There was a time when the only thing I wanted to hear following the word soul was food. Yes, Soul Food made sense, but the soul was one of those words I thought of derisively, if at all. That changed for me over the years, which is why I am sharing these thoughts.

Like everyone, I’ve had ups and downs in my life. Sometimes I felt like I was king of the world, to quote Leonardo DeCpario’s character in Titanic. Other times I felt like the world was set on crushing me.

Today, I’m recovering from a serious medical complication that is taking its sweet time to clear up. That is not why I Can Only Imagine came to mind when I was asked to discuss a song that speaks to me. Imagine is always in the back of my mind like a warm and fuzzy childhood memory.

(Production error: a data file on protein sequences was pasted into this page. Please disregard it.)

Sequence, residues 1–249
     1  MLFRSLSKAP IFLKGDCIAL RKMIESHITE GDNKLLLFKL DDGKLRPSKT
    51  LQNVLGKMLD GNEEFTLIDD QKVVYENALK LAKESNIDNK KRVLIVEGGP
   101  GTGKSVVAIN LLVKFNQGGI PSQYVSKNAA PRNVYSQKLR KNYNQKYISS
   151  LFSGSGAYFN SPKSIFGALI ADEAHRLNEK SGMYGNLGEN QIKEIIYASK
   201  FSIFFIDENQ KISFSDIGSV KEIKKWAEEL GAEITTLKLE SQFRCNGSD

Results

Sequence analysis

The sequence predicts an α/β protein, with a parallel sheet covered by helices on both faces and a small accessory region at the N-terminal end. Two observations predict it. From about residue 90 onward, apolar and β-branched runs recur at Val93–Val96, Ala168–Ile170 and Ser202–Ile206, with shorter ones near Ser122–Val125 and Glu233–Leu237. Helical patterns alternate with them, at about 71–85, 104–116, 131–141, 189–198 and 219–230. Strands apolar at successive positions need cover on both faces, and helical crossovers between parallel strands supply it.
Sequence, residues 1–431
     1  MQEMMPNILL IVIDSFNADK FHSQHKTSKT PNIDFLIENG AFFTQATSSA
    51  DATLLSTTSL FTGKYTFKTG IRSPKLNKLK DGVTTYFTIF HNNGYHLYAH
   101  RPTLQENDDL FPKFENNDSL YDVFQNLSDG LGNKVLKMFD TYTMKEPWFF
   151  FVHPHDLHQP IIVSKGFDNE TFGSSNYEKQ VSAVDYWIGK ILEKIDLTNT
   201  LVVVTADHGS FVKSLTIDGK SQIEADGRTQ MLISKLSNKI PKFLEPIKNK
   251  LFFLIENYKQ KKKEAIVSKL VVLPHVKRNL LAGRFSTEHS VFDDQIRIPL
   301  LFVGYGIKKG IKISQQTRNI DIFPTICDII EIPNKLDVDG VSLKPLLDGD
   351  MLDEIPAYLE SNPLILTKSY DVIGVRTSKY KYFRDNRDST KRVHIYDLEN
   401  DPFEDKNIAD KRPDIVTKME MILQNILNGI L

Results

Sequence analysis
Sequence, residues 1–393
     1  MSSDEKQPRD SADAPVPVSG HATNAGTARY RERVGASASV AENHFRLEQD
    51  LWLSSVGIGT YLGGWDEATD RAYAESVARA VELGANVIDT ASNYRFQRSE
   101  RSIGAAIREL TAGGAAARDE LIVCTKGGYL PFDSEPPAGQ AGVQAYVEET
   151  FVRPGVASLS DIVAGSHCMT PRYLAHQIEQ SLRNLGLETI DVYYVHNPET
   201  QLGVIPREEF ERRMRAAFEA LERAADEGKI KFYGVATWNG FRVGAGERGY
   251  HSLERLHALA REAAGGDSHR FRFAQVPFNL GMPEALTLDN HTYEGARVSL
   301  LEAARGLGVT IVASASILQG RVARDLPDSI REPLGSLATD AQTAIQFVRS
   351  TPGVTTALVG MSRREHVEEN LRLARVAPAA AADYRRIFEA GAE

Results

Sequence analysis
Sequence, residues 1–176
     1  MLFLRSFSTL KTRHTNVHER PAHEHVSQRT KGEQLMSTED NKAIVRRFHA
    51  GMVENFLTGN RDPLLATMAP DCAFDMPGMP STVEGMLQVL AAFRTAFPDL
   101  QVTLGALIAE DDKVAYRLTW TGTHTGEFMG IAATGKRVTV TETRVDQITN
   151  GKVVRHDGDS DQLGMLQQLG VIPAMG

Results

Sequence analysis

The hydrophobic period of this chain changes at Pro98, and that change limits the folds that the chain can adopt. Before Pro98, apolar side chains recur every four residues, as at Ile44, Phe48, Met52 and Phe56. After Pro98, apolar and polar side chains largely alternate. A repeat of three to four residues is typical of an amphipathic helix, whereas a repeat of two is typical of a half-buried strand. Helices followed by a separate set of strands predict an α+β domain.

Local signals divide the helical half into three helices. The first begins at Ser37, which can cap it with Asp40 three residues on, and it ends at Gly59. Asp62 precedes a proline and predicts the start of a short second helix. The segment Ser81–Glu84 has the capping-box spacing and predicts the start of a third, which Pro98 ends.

It moved to that hallowed spot in my memory some years ago during a period of self-doubt and pain. I cannot remember what it was that had me upset at the time. I remember being upset and trying to brush off the concern or tension I was feeling.

I was almost home and needed to catch my breath before walking into the house. I stopped at a stop sign; the radio was on a country station. A song was finishing, and the show’s host began telling some stupid story.

I sat there for a minute, looked skyward, and said slightly dismissively, “God, is there any hope for me?” Before the words were completely out of my mouth, Imagine started to play.

I know! Part of me wants to blow it off as a major coincidence of a guy struggling with faith and a country music station happening to play a contemporary Christian song at just the right moment. As one of my theology professors admitted once in class, I have doubts.